Rising U.S. home prices signs for a housing rebound



NEW YORK | American homebuilders feel they are sort of turning the corner. On Tuesday the home price sector reported its most-improved selling season in a long time: according to the widely watched S&P/Case-Shiller index, home prices rose in March from February in most major U.S. cities for the first time in seven months. Lower borrowing costs and an improving job market also gave business a boost. Economists believe that a comeback in the housing market might be under way.

The 20-city index is based on a three-month average (that is to say, the March data were influenced by transactions in January and February). It dropped 2.6 percent in March, compared the sa

me month last year. That's better than the 3.5 percent year-over-year drop from February. And it's the smallest annual drop since December 2010.

The biggest month-over-month increases were in Phoenix, Seattle and Dallas. Prices dropped the most in Detroit, Chicago and Atlanta. But experts recommend caution, as the recovery is not complete.

“While there has been improvement in some regions, housing prices have not turned,” said David Blitzer, spokesman for S&P.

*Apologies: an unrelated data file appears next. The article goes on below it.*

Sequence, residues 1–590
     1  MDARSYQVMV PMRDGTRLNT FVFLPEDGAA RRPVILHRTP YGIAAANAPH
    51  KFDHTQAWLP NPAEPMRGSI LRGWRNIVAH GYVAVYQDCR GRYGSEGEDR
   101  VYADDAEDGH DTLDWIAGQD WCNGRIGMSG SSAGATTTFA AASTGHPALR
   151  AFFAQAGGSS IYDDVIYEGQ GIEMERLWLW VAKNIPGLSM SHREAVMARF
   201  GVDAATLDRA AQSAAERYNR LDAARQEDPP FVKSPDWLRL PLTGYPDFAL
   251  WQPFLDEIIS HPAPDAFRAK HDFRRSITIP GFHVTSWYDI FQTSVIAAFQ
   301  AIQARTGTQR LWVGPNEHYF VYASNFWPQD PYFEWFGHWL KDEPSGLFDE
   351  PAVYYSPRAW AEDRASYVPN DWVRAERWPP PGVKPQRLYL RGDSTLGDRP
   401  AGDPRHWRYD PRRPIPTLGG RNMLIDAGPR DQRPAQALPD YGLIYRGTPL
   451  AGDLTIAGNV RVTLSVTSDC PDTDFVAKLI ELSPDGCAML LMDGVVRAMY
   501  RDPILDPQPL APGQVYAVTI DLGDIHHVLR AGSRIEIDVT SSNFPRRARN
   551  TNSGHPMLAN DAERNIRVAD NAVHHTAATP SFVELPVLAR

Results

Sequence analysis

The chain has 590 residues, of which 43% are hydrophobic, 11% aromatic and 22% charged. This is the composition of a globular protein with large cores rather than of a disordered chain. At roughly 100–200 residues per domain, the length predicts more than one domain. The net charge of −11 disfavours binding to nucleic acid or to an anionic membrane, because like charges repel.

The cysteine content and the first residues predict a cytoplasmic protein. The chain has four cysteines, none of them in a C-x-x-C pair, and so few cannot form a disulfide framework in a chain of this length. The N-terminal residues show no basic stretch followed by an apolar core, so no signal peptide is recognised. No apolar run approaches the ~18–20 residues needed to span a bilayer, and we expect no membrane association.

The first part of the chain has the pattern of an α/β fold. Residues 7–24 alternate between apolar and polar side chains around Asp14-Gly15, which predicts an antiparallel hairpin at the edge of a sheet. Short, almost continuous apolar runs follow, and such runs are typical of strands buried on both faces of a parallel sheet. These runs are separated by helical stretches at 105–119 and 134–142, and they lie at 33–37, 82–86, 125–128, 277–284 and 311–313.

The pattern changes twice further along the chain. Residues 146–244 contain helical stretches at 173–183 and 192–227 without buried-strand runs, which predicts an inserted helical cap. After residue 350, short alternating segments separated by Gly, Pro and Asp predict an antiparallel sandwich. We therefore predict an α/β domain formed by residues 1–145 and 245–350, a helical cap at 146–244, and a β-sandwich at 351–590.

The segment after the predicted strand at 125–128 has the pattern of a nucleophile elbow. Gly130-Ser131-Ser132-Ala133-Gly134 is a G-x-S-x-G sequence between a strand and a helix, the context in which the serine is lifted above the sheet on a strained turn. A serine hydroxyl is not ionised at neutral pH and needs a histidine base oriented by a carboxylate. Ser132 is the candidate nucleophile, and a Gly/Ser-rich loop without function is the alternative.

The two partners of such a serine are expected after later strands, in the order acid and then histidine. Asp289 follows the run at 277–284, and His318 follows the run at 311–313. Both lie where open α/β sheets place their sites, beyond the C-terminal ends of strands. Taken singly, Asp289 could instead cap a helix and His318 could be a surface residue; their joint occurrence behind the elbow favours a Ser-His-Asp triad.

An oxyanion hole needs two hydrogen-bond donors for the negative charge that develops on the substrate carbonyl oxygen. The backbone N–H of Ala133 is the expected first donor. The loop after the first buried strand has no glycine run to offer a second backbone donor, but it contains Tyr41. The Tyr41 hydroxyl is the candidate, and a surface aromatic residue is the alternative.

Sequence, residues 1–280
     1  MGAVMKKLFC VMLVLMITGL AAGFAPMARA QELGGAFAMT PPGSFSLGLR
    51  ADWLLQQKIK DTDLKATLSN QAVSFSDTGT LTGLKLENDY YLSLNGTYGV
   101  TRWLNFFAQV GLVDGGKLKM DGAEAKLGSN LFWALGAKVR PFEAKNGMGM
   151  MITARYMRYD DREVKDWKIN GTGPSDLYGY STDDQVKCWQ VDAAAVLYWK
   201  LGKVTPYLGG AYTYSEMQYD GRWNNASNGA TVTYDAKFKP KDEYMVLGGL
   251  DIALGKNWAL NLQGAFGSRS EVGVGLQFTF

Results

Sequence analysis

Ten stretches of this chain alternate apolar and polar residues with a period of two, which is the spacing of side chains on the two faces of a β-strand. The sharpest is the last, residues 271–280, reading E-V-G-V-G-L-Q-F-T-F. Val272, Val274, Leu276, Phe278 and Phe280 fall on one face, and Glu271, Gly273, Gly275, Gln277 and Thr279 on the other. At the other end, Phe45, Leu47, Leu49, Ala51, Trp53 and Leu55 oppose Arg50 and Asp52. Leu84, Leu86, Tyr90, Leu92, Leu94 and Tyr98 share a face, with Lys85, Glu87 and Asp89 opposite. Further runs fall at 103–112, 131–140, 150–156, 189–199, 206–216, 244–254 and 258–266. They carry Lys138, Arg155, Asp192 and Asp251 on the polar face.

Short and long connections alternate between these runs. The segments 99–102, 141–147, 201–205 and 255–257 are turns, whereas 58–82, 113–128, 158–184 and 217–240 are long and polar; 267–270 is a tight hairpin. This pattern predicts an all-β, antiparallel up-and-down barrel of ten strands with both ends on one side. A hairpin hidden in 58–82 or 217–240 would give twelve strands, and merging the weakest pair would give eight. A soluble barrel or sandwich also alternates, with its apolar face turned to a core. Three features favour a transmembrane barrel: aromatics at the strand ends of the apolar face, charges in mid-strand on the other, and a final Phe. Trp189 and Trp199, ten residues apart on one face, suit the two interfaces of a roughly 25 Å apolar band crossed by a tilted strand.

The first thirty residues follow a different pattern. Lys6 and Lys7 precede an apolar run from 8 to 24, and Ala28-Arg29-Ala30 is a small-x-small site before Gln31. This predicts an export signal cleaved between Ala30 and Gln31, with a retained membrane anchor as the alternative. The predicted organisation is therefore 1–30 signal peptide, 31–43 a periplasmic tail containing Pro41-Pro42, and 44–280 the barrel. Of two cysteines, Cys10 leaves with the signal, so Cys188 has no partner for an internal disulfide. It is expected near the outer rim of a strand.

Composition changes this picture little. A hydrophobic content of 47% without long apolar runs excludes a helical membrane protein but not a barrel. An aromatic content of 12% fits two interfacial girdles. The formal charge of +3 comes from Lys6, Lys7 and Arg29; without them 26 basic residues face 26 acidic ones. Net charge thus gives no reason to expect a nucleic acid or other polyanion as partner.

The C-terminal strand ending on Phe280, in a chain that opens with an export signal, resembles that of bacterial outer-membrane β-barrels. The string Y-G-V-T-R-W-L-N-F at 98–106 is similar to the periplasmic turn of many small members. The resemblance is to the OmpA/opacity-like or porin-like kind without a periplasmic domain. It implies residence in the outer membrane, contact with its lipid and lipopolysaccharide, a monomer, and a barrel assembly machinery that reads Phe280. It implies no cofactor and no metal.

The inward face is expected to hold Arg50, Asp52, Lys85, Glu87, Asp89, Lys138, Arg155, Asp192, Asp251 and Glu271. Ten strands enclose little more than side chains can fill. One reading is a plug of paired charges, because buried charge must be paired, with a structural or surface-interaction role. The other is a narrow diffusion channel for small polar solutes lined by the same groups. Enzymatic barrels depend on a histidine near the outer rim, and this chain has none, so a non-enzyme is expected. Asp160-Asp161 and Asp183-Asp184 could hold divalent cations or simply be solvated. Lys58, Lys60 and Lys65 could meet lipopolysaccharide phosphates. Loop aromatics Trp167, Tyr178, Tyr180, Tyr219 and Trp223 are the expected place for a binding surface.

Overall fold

The post-bubble market faces challenges. Mortgage credit is difficult to obtain (some people don't qualify for loans of cannot afford the big down payments required). Also, wages are growing slowly and there is uncertainty about the evolution of home prices, making some potential buyers think twice before signing a check


About the Author

Ana Fuentes
Columnist for El País and a contributor to SER (Sociedad Española de Radiodifusión), was the first editor-in-chief of The Corner. Currently based in Madrid, she has been a correspondent in New York, Beijing and Paris for several international media outlets such as Prisa Radio, Radio Netherlands or CNN en español. Ana holds a degree in Journalism from the Complutense University in Madrid and the Sorbonne University in Paris, and a Master's in Journalism from Spanish newspaper El País.